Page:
Double-cropping wheat and soybeans is a popular strategy in parts of Illinois. Farmers who won the Illinois Wheat Association’s (IWA) 2020 yield contest recently offered their tips for success during the 2021 Double-Crop Farmers Forum sponsored by ISA, the IWA and others.

David Justison from Montgomery County placed first with a yield of 126.7 bushels, Dan Rubin of Fayette County was second with 124.7 bushels and Dale Wehmeyer from St. Clair County was the third-place winner with a yield of 119.4 bushels per acre. The management practices below are some of the highlights as discussed by these three farmers during the webinar.

Wheat Preparation and Planting

  • Variety selection. Know each variety’s strengths and weaknesses and be prepared to mitigate risk from weaknesses. For example, check tillering abilities and yield potential. If a variety doesn’t produce tillers quickly, plant that variety first. Move robust tillers to the back of the planting program. Good standability and scab resistance are essential.
  • Variety selection. Look at variety trials from multiple states, including Kentucky, Missouri and Illinois. Choose varieties that performed well in more than one trial. Work with a seed company that specializes in wheat research, not one that just sells wheat seed.
  • Residue management. For winter wheat following soybeans, evenly spread residue from the previous crop, especially if they were high yielding soybeans. Farmers who plant earlier maturity soybean varieties find a timely harvest allows stubble to dry out first.
  • Tillage. Till fields one or two times ahead of drilling wheat to assure a good seed bed.
  • Planting. While some farmers use 15-inch rows, 7.5-8-inch rows are preferred. Row width should be a consideration in seed selection. Drilling provides better yield than broadcasting seed. Get every seed in the ground, and plant treated seed to help minimize problems with aphids. Hydraulic down-pressure on the drill improves stand uniformity.
  • Seeding rates. Depending on seed size, rates of 1.2-1.7 million seeds per acre work best. The rate chosen should also take into account planting date, fall tiller production and whether winter annual weeds are present that can be smothered with higher seed rates.
  • Fall fertilizer. Fall fertilizer plans will vary by field and farmer. For this group, uses include potash and MESZ applications to all-liquid nitrogen, phosphorus and potassium. Blanket spreading fertilizer is preferred to variable rate applications.

In-Season Wheat Management

  • Spring fertilizer. Whether a fall sulfur application was made or not, consider including sulfur in the spring, possibly as a foliar application. Evaluate the wheat stand to determine nitrogen needs. If the stand is thin, increase the first-pass rate to increase tillers. Consider a 28 percent all-liquid sidedress with emphasis on even application. For the second pass, evaluate weather conditions to determine if a bump in rates is needed. Another option is treated urea with Agrotain, depending on how the crop looks.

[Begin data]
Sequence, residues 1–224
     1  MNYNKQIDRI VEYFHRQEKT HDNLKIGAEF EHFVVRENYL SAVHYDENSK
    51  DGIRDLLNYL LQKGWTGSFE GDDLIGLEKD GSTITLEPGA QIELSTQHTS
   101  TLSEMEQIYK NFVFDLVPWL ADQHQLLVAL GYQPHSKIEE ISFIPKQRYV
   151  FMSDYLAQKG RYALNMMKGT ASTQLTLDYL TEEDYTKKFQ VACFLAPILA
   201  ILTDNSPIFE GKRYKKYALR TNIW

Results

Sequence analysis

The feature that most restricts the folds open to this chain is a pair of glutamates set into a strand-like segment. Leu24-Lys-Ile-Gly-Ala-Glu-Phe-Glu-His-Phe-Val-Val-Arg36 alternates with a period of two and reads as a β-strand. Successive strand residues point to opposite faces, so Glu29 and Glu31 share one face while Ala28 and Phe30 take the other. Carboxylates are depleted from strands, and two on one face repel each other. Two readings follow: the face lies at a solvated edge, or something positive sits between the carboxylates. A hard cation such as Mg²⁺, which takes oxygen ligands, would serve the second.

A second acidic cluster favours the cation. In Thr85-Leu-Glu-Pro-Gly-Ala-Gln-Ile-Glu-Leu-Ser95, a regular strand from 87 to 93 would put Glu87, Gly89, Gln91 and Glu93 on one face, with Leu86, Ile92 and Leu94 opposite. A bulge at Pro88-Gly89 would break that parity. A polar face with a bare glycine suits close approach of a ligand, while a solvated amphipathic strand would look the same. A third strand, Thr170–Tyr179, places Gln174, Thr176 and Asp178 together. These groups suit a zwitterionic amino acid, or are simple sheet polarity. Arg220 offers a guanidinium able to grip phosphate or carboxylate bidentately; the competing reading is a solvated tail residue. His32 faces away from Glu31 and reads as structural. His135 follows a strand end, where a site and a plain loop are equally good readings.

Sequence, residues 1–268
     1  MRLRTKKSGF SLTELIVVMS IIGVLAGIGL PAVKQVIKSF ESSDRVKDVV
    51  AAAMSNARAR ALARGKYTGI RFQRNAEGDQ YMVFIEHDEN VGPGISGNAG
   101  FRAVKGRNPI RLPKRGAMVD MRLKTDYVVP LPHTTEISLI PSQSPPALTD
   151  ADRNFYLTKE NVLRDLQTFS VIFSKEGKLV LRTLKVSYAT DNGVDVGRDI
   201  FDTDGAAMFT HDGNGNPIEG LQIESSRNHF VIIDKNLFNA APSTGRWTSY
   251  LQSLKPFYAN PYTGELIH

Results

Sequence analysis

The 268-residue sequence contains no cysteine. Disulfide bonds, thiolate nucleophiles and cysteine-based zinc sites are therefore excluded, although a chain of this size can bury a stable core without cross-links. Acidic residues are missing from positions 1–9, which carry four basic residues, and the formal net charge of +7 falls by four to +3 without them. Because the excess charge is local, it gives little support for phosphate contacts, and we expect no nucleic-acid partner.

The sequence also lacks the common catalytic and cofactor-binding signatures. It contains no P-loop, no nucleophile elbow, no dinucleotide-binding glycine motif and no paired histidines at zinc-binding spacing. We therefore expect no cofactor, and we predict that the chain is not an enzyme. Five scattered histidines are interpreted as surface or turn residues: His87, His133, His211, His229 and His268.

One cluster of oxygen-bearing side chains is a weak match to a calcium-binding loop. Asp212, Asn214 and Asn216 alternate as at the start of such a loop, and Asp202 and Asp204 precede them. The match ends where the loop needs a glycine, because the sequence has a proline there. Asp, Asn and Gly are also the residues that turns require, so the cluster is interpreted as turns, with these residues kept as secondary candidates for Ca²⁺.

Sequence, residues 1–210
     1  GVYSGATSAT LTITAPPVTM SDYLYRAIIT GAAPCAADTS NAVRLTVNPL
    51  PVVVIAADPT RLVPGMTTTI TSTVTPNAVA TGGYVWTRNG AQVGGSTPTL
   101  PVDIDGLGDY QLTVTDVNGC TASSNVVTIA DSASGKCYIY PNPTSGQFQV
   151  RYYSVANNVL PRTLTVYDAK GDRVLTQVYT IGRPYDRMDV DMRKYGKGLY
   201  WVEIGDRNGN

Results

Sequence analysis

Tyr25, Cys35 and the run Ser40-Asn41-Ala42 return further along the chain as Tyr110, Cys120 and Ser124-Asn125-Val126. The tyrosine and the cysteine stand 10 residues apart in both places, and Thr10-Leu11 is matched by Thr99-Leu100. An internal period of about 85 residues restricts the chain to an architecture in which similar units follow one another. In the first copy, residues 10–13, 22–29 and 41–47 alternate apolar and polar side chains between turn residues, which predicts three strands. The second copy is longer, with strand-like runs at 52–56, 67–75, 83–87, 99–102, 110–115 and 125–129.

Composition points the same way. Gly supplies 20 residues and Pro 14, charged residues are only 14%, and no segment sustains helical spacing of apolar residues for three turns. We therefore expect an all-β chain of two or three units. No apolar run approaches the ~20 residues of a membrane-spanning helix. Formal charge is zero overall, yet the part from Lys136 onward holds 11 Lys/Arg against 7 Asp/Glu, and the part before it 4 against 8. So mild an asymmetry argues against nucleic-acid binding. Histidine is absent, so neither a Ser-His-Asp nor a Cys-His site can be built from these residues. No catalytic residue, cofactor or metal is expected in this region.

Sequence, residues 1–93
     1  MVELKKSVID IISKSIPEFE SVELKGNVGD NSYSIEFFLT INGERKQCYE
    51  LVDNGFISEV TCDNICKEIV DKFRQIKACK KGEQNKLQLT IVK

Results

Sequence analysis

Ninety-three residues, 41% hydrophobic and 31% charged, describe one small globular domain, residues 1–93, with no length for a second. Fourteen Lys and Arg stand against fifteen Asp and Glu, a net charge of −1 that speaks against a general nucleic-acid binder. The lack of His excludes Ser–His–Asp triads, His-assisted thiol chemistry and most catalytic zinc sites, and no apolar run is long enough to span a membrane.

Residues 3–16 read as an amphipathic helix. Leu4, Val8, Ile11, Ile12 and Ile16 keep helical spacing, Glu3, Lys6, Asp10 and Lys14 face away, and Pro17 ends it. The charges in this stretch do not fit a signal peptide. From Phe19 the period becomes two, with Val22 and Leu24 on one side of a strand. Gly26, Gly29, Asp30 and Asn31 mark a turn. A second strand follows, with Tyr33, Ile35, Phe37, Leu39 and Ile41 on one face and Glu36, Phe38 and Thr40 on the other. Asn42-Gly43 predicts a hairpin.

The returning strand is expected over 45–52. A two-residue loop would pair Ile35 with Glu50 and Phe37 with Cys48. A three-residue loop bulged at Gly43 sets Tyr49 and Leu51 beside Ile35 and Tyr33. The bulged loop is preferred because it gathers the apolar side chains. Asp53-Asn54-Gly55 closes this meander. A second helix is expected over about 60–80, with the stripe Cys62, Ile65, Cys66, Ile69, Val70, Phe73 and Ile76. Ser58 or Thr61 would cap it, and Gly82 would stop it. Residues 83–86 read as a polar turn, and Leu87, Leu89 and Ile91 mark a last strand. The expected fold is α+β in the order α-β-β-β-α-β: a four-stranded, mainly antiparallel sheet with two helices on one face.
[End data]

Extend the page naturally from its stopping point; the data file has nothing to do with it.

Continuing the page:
• Weed control. Winter annual weeds such as henbit and chickweed can threaten yield potential. Apply Harmony in the fall if weeds are prevalent and field operating conditions are good. Spring applications help eliminate competition for nutrients, sunshine and water as long as the weather is consistently warm and the ground is solid.
  • Fungicide applications. Fungicide use varies by field and farmer. Suggestions include two passes – one at 5-leaf and one at 10.5.1 in April – for whole plant protection and scab control. Aerial application also is effective. Monitor diseases and weather conditions to the south for early indications of problems that may require scouting.

Wheat Harvest

  • Moisture. A good place to start with harvest is at 19-20 percent moisture, if planning to use a dryer. For wheat seed production, harvest at under 14 percent is best with air drying. For commercial wheat production, where margins are thinner, try and avoid the cost of bin drying with forward sales and sales off the combine when possible.
  • Drying decisions. Use a grain equilibrium chart to determine best harvest time to avoid the need for drying. Check temperature and humidity, find the combination on the chart, and calculate moisture. Determine if a fan needs to be run if wheat is going in a bin.

Soybean Planting Preparation

  • Field management. Planting soybeans following wheat harvest is all about the straw. With 100-120-bushel wheat yields, more straw is left after harvest that can be green and tough. Several options have been explored by these farmers:
    • Planting in thick straw can be successful.
    • Run a high-speed disk after harvest, spread residue, turbo till and run the drill.
    • Spread straw as evenly as possible with a good chopper-spreader.
    • Burn the straw.
    • Find a local dairy farmer who wants to come get the straw. Give it a day to dry and then no-till directly into stubble.
    • Experiment with press wheels.

Click here to watch the recorded session of the Double Crop Farmers Forum.

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About the Author: Barb Baylor Anderson

Barb Baylor Anderson specializes in writing and public relations, and has assisted clients with branding, strategy development, media relations, audio/visual communications, event planning and economic analysis. She is a contributing writer to several publications, and coordinates marketing communications projects for trade associations and other non-profits, small business and agricultural companies.